According to an article by Conor O’Brien, EASA began in Liverpool in 1981; initiated by Richard Murphy and Geoff Haslam as a follow-up to the ideas of Brian Anson’s Winter Schools in Britain in the late 1970s. Anson was one of the founders of the ARC ( Architect Revolution Council ) and the SAC ( Schools of Architecture Council ), which emerged from his discussions with architects such as Peter Cook on the relevance of the integration of society in the architectural process. He felt that his colleagues were following the wrong path and tried to find an alternative future for the architectural profession. Together with 800 architecture students from Great Britain, he tried in 1979 to establish new teaching systems in a meeting. However, the SAC was very soon dissolved and its successor by Anson’s students Richard Murphy and Geoff Halsam, was the so-called Winter Schools in Liverpool, which became an international character, as in 1981 they sent invitations to students from across Europe. Finally in 1981 the first European Architecture Student Assembly took place (EASA). (42) The final statement of this workshop declares that its success lies in not being just a simple collection of individual factors. It’s the whole process; the chemistry of being together. Today, EASA defines itself as a platform for the exchange of ideas and knowledge for European architecture students. (43)

2.2.1.3 EASA – the event

The bottom line of the organization EASA ( European Architecture Student Assembly ) is an annual seminar of the same name. Architecture students and those interested come together in one place to exchange views on architecture and art over a period of two weeks in workshops, lectures and projects. Essentially, the event comprises of 600 people per year, consisting of 400 participants and National Contacts as well as 200 tutors, helpers and hosts. The budget and resources for the event vary greatly each year due to factors such as the level of sponsorship and the gross domestic product of the country in which it takes place. Fixed revenues come from the registration fees, which represent the bulk of the budget. Here, the fees vary from country to country, based on the respective gross domestic product in which EASA takes place. For example, in 2014, an Austrian participant paid € 300 fee to EASA Bulgaria in Veliko Tarnovo, while for participants from Latvia it was € 100. These finances are managed from year to year by the respective organizers of the event. In 2014, a total of approximately one million euros came together.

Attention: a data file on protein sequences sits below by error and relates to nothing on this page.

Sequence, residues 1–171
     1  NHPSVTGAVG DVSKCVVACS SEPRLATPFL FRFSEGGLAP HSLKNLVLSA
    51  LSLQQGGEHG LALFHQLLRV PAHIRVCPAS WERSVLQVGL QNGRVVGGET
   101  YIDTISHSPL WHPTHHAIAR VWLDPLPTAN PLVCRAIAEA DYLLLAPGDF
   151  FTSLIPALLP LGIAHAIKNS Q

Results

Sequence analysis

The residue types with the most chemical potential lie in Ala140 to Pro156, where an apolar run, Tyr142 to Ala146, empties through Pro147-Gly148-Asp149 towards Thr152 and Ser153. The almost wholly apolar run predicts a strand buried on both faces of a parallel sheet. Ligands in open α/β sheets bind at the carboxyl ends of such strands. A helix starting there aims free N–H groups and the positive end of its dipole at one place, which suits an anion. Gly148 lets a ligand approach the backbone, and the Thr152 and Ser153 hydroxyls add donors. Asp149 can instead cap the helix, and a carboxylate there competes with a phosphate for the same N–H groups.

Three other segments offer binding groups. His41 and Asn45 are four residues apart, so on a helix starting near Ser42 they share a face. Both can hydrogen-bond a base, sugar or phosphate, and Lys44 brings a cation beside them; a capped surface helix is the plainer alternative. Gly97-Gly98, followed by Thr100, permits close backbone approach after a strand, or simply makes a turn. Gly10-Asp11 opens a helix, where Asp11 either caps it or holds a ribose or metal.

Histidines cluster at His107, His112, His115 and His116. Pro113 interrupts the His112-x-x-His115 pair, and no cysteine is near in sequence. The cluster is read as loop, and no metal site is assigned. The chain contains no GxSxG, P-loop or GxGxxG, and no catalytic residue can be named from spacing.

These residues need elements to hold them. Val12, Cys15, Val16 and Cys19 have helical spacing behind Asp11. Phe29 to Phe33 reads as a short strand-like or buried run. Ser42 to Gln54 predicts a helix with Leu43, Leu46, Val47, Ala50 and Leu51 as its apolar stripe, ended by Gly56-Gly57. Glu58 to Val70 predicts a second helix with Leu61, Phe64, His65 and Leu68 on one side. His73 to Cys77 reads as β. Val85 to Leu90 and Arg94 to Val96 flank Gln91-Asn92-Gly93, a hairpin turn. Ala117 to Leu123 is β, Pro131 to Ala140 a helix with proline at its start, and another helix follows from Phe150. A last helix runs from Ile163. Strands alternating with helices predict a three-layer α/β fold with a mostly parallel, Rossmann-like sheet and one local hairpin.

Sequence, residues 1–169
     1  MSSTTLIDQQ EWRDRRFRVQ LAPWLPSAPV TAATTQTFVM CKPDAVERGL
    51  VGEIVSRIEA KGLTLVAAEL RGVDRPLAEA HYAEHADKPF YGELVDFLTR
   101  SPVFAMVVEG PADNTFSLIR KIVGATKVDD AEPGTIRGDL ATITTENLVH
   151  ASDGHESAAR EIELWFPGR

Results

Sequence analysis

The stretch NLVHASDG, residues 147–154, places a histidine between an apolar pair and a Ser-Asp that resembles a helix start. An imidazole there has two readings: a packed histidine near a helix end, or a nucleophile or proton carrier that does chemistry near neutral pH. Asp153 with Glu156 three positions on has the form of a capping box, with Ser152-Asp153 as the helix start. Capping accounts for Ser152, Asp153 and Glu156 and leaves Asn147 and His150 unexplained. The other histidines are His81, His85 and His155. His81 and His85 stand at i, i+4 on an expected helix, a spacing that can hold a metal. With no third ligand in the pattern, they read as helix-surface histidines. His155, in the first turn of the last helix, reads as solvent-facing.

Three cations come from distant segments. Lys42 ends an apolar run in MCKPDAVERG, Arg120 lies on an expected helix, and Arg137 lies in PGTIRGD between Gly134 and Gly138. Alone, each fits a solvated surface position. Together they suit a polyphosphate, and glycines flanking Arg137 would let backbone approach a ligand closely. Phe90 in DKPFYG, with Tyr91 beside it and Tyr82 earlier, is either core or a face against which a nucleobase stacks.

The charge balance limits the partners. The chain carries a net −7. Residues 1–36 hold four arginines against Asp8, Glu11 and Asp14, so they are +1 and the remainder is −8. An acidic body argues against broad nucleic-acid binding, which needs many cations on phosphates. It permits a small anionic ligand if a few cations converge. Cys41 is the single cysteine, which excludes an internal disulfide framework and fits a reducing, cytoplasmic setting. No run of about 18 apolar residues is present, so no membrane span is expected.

The organization of each event is divided between hosts, assistants, tutors, national contacts and participants. Hosts form the organizational team and consist mainly of architecture students from the respective host country. The number varies greatly from year to year, depending on how many people from the country can be motivated to work. The hosts take care of the preparation and follow-up, as well as the main organization during the event such as sponsoring, accommodation, selection of workshops and lectures, contact with the city and much more. The next level is the helpers. They usually arrive a week earlier and stay until one week after the event ends. They support the organizers and the tutors of the workshops and take care of the dissemination of information, the distribution of resources and the like. These two groups do not participate in the workshops. This is different for the tutors, the National Contacts and the participants.